How else can you describe the loss of the woman that you’ve shared your bed with for more than a decade? No, Al is fine, but Sissy is gone. Al took her to the vet a couple of weeks ago for a routine checkup and discovered a Grade 4 heart murmur. The vet told us there was nothing we could do about it, and who knows how long she’ll last. I certainly thought it would be longer than 2 weeks.
I don’t understand people who don’t love dogs, and I’m not going to make some impassioned speech to try and convince them otherwise. I just feel sorry for them. I really do.
I come by this love for animals naturally. When talking to my dad and brother about Sissy, you can quickly see their eyes glaze over, reminiscing about those great ones from the past. It doesn’t take more than a couple of stories, a few strong memories, before everything gets misty and you have to immediately start talking about why the Cowboys missed the playoffs.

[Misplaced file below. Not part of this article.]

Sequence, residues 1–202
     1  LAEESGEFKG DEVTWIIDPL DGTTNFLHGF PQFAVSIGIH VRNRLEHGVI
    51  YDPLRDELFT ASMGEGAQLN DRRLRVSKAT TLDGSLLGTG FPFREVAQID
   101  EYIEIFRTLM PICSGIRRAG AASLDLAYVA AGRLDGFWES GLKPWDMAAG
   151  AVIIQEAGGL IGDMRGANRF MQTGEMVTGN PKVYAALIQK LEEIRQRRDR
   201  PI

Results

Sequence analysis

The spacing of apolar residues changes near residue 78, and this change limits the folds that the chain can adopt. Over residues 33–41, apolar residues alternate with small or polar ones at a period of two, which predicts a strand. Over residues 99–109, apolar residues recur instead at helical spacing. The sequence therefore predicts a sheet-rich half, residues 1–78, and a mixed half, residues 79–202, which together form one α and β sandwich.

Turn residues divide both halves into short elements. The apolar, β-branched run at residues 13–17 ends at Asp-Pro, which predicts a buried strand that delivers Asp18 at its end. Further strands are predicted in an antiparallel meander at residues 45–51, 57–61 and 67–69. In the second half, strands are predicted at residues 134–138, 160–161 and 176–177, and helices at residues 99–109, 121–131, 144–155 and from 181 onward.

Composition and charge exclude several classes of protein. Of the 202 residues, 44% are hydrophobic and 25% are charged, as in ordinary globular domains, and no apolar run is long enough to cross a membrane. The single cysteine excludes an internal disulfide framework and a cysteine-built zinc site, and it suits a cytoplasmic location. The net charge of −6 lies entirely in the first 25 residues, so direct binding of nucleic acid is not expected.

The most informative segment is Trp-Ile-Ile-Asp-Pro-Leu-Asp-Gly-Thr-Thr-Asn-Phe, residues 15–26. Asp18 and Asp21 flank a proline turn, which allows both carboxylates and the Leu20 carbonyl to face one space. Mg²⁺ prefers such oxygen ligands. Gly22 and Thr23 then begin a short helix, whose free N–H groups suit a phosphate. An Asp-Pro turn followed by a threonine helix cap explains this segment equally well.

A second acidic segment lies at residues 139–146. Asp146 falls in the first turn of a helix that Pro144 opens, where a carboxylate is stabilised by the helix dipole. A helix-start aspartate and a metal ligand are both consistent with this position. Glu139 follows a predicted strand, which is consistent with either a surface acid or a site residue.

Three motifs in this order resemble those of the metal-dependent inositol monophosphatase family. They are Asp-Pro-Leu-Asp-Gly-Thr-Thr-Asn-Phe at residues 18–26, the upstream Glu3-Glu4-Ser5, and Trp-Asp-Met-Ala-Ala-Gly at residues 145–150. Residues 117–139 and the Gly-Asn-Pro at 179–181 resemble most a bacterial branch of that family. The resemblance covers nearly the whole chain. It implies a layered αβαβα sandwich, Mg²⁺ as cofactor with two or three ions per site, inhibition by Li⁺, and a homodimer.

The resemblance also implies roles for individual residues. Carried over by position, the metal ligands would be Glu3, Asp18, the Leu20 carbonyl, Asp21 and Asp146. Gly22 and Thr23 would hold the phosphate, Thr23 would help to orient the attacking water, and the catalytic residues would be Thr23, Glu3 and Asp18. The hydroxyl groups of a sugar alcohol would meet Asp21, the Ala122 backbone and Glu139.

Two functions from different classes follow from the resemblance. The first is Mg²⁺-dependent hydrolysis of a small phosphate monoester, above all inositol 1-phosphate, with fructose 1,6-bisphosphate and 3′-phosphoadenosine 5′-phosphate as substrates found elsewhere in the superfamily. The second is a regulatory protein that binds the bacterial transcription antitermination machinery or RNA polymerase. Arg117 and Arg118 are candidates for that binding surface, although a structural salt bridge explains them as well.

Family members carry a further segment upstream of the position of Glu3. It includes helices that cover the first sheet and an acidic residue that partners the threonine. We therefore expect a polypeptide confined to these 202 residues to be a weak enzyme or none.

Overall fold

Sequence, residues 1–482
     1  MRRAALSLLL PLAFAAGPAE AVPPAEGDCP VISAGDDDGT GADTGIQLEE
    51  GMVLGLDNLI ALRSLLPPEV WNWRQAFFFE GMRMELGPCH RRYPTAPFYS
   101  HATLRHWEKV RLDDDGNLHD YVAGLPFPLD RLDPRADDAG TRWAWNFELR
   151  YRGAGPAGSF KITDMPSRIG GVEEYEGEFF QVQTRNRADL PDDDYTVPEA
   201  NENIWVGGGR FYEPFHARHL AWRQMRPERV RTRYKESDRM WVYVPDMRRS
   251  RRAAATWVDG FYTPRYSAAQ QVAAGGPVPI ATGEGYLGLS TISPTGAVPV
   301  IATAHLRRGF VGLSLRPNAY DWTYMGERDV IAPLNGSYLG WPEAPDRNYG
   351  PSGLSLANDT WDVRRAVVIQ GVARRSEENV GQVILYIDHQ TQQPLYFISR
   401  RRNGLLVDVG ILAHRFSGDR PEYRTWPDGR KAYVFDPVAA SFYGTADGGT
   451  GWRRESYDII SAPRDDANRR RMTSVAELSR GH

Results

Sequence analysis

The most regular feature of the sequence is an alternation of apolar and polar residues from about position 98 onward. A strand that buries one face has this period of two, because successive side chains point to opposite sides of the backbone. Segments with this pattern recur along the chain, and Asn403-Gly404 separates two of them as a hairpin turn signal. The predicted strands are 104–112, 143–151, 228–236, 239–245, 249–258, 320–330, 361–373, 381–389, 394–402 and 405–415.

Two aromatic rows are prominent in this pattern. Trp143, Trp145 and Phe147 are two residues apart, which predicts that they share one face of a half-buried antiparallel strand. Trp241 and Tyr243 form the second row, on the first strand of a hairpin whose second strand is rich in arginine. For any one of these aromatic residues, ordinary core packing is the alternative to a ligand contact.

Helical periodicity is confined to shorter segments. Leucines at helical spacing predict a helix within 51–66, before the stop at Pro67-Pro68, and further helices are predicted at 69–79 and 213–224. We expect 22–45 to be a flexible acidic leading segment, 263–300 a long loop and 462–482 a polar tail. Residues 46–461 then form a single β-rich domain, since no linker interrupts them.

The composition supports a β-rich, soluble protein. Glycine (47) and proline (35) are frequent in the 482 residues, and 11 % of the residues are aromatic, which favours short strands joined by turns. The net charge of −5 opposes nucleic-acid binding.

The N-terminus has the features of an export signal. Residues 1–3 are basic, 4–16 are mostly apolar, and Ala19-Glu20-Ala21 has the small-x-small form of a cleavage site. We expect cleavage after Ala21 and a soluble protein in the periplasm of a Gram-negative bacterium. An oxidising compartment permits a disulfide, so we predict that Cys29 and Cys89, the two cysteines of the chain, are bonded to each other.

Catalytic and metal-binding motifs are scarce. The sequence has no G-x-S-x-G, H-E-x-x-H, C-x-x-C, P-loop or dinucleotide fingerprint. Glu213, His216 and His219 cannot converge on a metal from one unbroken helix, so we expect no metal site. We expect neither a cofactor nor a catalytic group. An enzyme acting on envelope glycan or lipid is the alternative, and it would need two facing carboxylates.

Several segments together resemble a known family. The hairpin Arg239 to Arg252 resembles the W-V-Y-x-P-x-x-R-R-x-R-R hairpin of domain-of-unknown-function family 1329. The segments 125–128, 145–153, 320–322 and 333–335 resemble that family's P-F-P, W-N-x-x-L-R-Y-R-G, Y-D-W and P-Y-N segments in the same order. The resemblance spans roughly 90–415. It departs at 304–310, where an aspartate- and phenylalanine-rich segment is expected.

We drove to Longview last Thursday night, and at one point, both girls were asleep, and the car was quiet. Al leans over and asks, “Thinking about Sissy?”
“Why?” I asked.
“Because you haven’t said a word in over an hour. And your sunglasses aren’t really helping much in the dark.”
We talked for a minute about all the memories, and it was really kind of eerie. Out of all the memories, the one we both couldn’t shake was the picture below.
Coming home from the hospital with Little Miss CB, we were utterly clueless, and terrified. But as we came up, there was Sissy waiting on us. Excited to meet the newest member of the family, and for the next five and a half years they were inseparable.
CB learned a lesson throughout all this, we all did. It’s something about love. I can’t explain it, and won’t even try. I’ll leave that to someone a lot better than myself.
“‘Men,’ said Mr. Kyle, ‘people have been trying to understand dogs ever since the beginning of time. One never knows what they’ll do. You can read every day where a dog saved the life of a drowning child, or lay down his life for his master. Some people call this loyalty. I don’t. I may be wrong, but I call it love–the deepest kind of love.'”
– Wilson Rawls, Where the Red Fern Grows